"It always grabs my shorts" Lol I experienced this as well oddly enough and swapped the saddle with one from amazon but may try a brooks as well.Well, dropper posts were originally for off roaders that do a lot of technical terrain where they don't want their saddle to interfere with the control of the bike when it's bumping all around.
Where it helps me is whenever I have to stop - at intersections, stop lights, traffic, etc. At my normal saddle height, my foot is about 4 inches off the ground which forces me to get out of the saddle to stand with the bike. Now, all I have to do is trigger the lever and my saddle drops down with me on it so that I can put my foot down without getting off. It's one less thing to manage as traffic begins to move again and I can jump with the the traffic flow right away. I just pop the seat back up when I want to get going. I usually stand on the pedal when I'm ready to go, hit the trigger to pop the seat, then kick the throttle. It's super quick now.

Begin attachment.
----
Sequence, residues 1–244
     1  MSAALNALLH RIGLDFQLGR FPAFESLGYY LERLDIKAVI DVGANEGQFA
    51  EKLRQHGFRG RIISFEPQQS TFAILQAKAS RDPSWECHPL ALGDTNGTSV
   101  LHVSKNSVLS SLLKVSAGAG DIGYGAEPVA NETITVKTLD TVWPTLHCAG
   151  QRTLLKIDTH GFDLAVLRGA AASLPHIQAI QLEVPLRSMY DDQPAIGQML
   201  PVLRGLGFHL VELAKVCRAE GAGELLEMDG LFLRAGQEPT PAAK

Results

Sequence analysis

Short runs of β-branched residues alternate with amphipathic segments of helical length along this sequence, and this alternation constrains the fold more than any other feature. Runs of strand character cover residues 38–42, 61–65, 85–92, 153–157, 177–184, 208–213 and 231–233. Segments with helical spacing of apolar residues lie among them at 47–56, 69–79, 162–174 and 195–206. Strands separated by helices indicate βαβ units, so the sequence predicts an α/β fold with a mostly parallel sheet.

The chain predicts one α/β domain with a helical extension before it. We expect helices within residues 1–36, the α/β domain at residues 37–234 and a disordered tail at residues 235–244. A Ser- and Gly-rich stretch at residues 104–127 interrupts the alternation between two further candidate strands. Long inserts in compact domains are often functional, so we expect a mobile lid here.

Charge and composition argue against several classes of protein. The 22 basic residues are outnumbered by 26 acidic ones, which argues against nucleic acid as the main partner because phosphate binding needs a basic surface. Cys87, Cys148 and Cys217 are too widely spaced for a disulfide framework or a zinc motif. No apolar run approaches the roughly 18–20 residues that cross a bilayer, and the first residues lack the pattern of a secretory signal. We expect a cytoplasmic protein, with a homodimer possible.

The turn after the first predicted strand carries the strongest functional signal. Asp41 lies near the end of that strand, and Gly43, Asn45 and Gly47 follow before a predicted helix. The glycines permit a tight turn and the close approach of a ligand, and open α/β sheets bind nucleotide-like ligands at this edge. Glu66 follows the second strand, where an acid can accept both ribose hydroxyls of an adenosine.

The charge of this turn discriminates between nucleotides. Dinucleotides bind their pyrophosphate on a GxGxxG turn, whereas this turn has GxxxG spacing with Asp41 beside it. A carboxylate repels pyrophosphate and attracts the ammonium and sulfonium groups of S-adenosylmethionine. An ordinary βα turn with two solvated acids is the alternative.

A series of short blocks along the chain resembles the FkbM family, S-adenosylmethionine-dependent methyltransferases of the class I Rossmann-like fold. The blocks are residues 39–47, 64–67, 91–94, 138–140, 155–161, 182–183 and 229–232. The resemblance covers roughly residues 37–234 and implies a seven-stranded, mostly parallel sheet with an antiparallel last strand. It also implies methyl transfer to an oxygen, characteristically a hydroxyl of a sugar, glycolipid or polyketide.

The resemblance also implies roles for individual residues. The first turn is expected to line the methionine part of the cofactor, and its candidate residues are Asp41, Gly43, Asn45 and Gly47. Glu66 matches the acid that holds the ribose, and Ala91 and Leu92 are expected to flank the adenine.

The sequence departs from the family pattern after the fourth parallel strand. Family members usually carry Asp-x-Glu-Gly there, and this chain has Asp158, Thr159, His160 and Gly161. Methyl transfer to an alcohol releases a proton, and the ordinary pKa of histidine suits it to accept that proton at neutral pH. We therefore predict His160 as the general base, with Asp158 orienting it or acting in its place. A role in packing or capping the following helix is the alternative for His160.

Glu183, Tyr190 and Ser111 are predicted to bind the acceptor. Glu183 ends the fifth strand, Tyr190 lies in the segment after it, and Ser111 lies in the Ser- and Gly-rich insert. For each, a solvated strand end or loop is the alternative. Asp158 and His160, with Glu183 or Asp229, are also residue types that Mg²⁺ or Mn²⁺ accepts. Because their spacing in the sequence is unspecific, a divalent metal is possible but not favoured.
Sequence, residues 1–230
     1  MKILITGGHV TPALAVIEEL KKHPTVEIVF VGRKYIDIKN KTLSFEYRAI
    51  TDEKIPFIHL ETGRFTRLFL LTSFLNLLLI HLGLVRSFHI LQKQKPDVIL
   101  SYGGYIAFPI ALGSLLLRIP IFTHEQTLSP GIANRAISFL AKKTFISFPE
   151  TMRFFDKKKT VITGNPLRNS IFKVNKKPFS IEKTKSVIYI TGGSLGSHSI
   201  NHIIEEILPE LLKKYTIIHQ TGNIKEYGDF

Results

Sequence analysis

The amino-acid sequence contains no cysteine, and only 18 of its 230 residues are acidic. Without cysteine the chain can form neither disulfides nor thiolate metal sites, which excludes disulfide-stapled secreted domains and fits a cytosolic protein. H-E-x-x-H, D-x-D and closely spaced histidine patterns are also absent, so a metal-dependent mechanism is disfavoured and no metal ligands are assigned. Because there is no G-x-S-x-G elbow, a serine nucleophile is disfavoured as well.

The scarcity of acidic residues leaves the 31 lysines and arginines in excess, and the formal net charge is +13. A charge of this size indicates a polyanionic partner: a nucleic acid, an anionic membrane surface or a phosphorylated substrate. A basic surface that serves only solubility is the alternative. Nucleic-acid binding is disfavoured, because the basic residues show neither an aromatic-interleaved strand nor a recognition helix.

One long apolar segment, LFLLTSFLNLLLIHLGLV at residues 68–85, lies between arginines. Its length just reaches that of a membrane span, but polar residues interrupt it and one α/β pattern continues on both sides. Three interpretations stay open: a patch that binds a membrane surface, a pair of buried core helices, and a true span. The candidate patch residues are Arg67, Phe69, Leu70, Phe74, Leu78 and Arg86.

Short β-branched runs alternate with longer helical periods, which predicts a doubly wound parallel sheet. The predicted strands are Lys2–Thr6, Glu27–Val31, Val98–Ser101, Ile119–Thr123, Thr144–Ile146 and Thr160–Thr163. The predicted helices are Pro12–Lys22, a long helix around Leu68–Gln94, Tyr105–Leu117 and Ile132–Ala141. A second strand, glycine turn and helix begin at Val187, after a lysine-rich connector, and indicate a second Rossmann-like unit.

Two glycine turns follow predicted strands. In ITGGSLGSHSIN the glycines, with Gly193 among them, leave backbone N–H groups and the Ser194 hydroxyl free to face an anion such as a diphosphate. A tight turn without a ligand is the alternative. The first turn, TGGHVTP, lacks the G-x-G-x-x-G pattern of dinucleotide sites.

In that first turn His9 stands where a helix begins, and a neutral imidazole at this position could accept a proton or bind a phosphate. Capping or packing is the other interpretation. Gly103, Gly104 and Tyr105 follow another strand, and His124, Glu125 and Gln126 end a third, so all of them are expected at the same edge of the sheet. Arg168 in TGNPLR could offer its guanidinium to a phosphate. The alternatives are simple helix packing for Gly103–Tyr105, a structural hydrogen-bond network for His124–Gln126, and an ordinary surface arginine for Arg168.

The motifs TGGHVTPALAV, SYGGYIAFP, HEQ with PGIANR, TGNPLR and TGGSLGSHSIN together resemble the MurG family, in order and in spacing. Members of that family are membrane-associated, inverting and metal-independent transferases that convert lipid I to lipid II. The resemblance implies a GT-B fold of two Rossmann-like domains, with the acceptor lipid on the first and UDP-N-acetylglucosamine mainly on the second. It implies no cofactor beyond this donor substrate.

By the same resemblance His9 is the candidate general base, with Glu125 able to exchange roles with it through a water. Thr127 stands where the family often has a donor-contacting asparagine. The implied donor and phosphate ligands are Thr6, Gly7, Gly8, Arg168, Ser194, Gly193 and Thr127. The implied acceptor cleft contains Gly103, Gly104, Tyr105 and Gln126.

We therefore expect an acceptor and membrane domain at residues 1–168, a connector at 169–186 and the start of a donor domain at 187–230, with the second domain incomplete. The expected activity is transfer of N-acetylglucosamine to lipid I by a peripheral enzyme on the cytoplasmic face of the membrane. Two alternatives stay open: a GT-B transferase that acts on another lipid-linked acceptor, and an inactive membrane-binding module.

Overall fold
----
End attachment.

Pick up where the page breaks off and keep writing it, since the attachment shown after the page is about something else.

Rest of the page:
The other thing, too, is that the stock saddle is really grippy, so sliding on and off it is not very easy. It always grabs my shorts, ...that sounded weird...
The PNW Cascade post also has air suspension, so it takes up some road shock from the hard tail. It's pretty subtle, but effective.